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Felipe Vargas - Benevides Regiment, Texas Cavalry

cemetery photoAs a historian at the Texas State Cemetery, it is part of my job to take pictures of headstones for our website. We have more than 2,000 headstones and most of them that don’t have photographs are in the Confederate section. I’ve been working my way steadily through the Confederates for the last year and I’m happy to say we are up to the Ws. Back when I was taking pictures of the Vs though, I came across a name that sent me down a path in Civil War history that I knew next to nothing about.



The man’s name is Felipe Vargas, he is buried in Section F, almost in the exact middle of the section, and his headstone looks like just one of many identical white headstones in the same area. While taking his picture, I saw his unit name, Benevides Regiment, Texas Cavalry. I pulled Vargas’s file and we have precious little information on him. We know he was present with his unit at the Confederate surrender, but his unit was surrendered some 600 miles from where Benvides’s regiment was stationed. General E.K. Smith surrendered the unit on paper in New Orleans, but Benevides’s Regiment was in Laredo when Smith surrendered them. The unit served along the Texas border with Mexico during the entire war. Vargas served from the founding of the unit until the surrender. He was an immigrant, like virtually every other Texan in the 1800s. He was born in 1832 and moved to Texas when he was twenty or twenty two in the early 1850s. He lived in Bexar County for 40 years and worked as a tailor before he was admitted to the Confederate Home in Austin. He died in 1920. That’s pretty much the limit of our knowledge of Felipe Vargas.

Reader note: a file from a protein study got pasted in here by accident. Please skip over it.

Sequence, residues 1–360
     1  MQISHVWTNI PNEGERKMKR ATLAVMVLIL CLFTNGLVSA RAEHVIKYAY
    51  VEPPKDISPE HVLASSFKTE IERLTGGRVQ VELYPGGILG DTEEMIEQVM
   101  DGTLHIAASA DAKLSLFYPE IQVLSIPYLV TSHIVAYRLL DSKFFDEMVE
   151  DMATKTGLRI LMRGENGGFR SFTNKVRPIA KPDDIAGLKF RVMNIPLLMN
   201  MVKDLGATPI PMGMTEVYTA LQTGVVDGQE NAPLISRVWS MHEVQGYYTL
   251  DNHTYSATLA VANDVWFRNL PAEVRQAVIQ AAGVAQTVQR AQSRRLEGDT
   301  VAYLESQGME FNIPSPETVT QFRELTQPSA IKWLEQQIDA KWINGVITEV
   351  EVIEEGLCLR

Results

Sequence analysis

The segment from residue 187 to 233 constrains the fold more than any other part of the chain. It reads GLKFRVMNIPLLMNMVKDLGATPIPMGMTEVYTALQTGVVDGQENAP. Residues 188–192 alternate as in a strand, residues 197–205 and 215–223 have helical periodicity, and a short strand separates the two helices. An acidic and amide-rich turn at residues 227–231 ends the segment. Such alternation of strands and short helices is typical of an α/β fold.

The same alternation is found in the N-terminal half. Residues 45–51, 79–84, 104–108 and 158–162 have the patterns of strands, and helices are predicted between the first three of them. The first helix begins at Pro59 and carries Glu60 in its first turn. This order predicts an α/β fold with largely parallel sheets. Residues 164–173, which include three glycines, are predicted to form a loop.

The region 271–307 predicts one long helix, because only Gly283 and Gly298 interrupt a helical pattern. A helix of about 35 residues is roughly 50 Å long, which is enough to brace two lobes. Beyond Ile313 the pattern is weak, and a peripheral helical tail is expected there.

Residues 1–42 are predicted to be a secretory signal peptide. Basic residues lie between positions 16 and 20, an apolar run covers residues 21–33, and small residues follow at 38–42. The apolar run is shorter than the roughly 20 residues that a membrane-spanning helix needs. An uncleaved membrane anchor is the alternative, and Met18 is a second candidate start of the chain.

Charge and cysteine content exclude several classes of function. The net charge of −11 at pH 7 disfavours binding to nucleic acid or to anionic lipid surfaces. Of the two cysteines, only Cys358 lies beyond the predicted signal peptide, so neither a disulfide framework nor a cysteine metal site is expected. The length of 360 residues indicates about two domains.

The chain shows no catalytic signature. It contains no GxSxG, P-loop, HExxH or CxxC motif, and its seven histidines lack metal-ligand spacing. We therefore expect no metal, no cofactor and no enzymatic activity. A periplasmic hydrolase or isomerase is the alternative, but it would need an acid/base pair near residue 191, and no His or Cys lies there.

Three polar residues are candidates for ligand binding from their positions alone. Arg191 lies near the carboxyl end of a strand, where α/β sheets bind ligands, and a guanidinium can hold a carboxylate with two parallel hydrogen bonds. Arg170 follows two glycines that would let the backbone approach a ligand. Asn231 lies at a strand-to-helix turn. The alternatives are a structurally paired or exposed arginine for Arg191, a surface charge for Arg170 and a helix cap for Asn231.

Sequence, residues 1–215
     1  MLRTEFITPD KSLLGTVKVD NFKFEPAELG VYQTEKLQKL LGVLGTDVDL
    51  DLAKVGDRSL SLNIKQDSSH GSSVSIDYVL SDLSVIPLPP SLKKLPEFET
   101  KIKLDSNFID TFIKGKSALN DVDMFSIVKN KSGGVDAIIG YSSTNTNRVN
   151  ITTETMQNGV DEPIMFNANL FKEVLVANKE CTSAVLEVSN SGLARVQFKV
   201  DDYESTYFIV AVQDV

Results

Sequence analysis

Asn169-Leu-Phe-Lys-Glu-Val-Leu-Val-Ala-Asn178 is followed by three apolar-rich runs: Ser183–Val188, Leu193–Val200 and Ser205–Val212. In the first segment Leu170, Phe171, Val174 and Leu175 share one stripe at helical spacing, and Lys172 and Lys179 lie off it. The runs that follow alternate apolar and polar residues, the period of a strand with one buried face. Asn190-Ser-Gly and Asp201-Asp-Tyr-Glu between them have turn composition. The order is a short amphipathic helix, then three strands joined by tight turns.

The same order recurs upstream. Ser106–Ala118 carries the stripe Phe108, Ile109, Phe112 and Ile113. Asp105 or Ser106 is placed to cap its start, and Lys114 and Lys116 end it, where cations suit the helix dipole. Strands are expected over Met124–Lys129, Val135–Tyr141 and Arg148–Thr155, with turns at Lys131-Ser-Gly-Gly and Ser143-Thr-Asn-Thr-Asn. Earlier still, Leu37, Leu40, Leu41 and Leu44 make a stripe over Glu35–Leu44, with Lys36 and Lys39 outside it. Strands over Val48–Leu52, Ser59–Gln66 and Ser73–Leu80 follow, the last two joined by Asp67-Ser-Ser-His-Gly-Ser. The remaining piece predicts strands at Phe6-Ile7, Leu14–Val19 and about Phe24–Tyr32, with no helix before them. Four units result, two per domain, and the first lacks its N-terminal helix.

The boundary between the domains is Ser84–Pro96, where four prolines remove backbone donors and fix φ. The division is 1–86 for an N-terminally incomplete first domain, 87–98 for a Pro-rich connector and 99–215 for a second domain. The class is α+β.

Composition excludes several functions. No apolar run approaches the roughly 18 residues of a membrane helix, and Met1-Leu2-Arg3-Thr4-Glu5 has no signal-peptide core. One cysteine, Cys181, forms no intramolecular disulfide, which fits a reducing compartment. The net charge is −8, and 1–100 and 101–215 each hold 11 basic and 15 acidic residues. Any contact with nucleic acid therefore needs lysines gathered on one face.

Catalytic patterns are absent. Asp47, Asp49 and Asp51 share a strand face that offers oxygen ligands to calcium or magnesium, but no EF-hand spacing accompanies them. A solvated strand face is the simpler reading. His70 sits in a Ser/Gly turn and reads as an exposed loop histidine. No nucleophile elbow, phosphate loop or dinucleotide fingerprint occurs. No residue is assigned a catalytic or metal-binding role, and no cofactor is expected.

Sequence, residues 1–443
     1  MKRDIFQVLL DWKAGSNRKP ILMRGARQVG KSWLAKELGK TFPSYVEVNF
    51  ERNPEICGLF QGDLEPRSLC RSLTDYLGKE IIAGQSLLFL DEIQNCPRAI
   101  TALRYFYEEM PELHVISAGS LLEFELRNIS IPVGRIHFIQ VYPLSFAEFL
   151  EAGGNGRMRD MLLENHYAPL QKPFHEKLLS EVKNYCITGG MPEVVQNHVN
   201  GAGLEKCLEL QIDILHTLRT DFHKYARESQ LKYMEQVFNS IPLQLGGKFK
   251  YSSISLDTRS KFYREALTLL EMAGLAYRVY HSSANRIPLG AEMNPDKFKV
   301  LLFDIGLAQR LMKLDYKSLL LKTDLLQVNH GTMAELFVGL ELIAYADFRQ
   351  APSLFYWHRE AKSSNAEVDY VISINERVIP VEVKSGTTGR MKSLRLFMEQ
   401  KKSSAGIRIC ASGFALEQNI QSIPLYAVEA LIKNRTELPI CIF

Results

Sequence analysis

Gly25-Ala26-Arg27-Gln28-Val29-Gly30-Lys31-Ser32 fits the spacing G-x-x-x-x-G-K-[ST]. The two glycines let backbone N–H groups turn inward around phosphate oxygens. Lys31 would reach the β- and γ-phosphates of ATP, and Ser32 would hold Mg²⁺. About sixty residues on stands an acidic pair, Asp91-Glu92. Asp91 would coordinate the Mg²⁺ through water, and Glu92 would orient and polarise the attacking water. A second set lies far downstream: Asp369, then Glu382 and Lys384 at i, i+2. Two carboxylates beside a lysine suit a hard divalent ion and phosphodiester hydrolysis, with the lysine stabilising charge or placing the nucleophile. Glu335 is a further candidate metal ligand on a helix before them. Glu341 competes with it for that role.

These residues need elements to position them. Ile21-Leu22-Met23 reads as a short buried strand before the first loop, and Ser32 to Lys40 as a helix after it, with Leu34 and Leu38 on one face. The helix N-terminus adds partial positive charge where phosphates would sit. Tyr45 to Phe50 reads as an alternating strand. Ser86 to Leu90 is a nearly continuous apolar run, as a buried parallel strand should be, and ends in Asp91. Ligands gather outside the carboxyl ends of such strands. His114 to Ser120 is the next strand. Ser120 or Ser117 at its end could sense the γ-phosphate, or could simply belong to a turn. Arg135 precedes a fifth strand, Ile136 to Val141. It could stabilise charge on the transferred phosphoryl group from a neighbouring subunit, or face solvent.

What’s better known is the story of his unit, a part of Texas history that gets lost during history class. The unit was led by the former mayor of Laredo, Colonel Santos Benevides, who was the highest ranking Hispanic officer in the Confederacy. His role in the War was just as much about guarding the border against bandits and Indian attacks as it was fighting against the Union. Santos fought Juan Cortina during the Second Cortina War in 1861, driving him out of Texas and into Mexico. After that, he patrolled the border with a single-minded ferocity. Benavides believed in a form of state’s rights, but he really thought the regional or local authority better than the national authority or the state authority. This was in direct opposition to Edmund J. Davis, a Union loyalist and Texan who offered Benevides a generalship in the U.S. Army just after secession.  Benevides turned it down. In an ironic twist, Benevides’s most shining moment in the Civil War came at Davis’s expense. Davis attempted to take Laredo with his First Texas Cavalry and Benevides defended it with anywhere from 20 to 42 men. Benevides, with help from Felipe Vargas and the other men of his unit, successfully drove off Davis and the First Texas Cavalry.

Davis was elected governor of Texas in 1869 and was buried at the State Cemetery when he died. Davis has the tallest monument in the Cemetery, a gray granite spire some twenty-five feet high. Two hundred yards from the governor and quite a ways down from Republic Hill and Davis is Felipe Vargas, a tailor from Bexar County who helped defeat the governor and his almost anonymous headstone.